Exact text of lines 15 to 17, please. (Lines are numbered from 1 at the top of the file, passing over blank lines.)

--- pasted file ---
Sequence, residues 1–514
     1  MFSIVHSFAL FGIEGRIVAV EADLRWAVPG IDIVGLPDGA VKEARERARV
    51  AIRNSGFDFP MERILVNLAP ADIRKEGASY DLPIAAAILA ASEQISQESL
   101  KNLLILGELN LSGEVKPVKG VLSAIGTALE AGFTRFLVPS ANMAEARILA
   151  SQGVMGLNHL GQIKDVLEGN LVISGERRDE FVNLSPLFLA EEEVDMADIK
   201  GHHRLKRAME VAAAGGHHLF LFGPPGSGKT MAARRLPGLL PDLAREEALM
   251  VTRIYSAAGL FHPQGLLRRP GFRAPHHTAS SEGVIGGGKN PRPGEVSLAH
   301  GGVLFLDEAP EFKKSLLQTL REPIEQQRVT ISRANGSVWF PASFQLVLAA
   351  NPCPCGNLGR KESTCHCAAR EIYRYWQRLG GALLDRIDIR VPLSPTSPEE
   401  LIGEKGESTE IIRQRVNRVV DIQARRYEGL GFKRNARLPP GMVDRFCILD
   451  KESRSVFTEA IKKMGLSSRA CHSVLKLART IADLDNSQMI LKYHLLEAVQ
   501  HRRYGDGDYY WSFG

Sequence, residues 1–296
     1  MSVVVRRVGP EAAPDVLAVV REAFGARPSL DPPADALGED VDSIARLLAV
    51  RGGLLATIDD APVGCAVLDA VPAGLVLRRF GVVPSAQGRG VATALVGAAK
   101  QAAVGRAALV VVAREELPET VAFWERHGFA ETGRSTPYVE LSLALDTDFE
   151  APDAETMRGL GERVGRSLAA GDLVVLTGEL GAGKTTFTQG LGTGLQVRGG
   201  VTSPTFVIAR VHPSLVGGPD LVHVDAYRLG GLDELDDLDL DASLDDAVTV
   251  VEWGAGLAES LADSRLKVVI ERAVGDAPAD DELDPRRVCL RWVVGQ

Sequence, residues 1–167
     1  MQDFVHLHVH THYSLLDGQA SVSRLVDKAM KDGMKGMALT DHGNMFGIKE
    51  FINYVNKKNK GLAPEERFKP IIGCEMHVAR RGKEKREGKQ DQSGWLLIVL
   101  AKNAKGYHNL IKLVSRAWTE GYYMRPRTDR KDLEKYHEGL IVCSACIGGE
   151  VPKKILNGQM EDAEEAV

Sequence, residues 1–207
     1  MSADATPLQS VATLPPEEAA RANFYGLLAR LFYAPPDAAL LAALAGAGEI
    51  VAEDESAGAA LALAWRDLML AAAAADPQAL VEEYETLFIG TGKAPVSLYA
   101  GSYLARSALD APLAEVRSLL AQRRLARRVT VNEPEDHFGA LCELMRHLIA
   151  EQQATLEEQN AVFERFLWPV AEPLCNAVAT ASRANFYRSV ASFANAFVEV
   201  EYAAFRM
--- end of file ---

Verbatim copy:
    51  RGGLLATIDD APVGCAVLDA VPAGLVLRRF GVVPSAQGRG VATALVGAAK
   101  QAAVGRAALV VVAREELPET VAFWERHGFA ETGRSTPYVE LSLALDTDFE
   151  APDAETMRGL GERVGRSLAA GDLVVLTGEL GAGKTTFTQG LGTGLQVRGG